The Yomiuri Shimbun Dear Troubleshooter:
I’m a male public employee in my 20s. This is my third year of working at a local government office, and I’ve come to dislike my workplace.
I chose to work at a public office because I wanted to help people in need. I was assigned to a cleaning section, not the welfare section that was my first choice. I nevertheless told myself I would work with enthusiasm at any post. However, to my disappointment, a senior colleague took away the little work assigned to me. I tried to find work on my own, but I had very little to do for the initial two years.
Last year, there was a personnel transfer, and my enthusiasm came back. However, although the amount of my work increased, the people around me acted in a similar way. They don’t show me how to do jobs, and they always handle contractors with bureaucratic arrogance and find fault with other people.
I’d encouraged myself to hang on many times, but I’ve now lost hope about working at a public office. I feel I’ve even become ill-natured. I want to get out of this situation, but I suffer from a chronic illness and have no work skills. I’m very concerned I may not be able to go on in society.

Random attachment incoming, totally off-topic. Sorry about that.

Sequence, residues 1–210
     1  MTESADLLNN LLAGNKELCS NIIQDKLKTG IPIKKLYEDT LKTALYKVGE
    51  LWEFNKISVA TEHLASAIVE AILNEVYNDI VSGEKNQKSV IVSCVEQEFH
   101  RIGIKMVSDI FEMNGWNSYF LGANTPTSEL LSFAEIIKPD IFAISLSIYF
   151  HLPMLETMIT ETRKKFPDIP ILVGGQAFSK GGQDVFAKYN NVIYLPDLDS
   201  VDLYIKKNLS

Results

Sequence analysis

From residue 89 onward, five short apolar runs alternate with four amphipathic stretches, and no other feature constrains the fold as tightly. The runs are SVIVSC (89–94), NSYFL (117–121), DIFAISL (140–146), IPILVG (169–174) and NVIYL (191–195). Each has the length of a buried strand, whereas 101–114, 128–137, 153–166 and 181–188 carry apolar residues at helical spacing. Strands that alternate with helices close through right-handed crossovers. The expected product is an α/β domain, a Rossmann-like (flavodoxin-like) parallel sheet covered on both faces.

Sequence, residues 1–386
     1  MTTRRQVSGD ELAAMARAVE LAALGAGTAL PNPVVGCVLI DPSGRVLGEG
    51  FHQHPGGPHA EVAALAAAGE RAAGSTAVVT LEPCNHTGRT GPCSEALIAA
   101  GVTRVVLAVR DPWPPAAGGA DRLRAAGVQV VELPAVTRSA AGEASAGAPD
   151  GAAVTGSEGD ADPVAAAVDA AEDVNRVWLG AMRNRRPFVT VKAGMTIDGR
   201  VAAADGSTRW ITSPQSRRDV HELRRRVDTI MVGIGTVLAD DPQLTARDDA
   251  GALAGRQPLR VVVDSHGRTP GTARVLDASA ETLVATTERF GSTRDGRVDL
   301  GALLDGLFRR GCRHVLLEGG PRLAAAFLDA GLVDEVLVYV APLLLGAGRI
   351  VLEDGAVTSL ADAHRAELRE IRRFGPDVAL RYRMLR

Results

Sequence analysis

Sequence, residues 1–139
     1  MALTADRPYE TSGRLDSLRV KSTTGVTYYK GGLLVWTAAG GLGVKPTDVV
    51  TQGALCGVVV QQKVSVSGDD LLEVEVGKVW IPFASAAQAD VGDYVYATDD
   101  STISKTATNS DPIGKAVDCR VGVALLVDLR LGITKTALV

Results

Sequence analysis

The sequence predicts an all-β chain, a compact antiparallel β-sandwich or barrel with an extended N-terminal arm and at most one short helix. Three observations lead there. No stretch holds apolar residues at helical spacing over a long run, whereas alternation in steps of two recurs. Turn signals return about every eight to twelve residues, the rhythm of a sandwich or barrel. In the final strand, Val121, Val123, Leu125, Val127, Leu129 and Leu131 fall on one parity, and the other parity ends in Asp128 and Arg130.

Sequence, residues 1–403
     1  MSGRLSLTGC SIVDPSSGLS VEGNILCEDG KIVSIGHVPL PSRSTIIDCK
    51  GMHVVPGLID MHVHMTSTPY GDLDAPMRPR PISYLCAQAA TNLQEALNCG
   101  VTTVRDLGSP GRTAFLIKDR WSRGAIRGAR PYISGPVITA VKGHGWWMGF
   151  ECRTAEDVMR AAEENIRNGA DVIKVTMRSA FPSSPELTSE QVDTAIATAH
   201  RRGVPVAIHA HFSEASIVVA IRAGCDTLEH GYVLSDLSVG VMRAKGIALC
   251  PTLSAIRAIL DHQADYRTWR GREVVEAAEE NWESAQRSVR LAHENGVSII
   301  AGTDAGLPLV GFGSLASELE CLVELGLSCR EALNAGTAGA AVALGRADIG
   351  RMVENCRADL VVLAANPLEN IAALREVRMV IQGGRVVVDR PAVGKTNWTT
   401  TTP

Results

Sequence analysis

Dear Mr. N:
I think your problem has two aspects. It’s unforgivable to make a young man full of enthusiasm feel that disheartened. On the other hand, we probably shouldn’t just sit and wait for jobs we want to do, but instead should make efforts to get them by ourselves.
You’re aware of both aspects but can’t adapt yourself to the organization or leave your work. You’ve become trapped. However, I don’t want to hear you say, “I’ve become ill-natured,” as if talking about somebody else. I hope you stay loyal to your image of how public employees should work and wait for a good opportunity to materialize it.
Public employees are often transferred. So I assume you’re likely to get an opportunity to work in a better environment or under a better boss. If we work appropriately, not only at public offices but at any workplace, it is certain to be acknowledged and lead to an opportunity to work with a person who will promote our interests. I think any organization has this characteristic.
There’s a famous axiom by ancient Chinese philosopher Laozi: Heaven’s net looks very large and loose, but it never fails to catch a sinner. The axiom can also be interpreted as “If we live right, heaven never fails to see it.” It may sound a little naive, but I feel all you have to do is to believe the axiom and go forward.
Soichiro Nomura, psychiatrist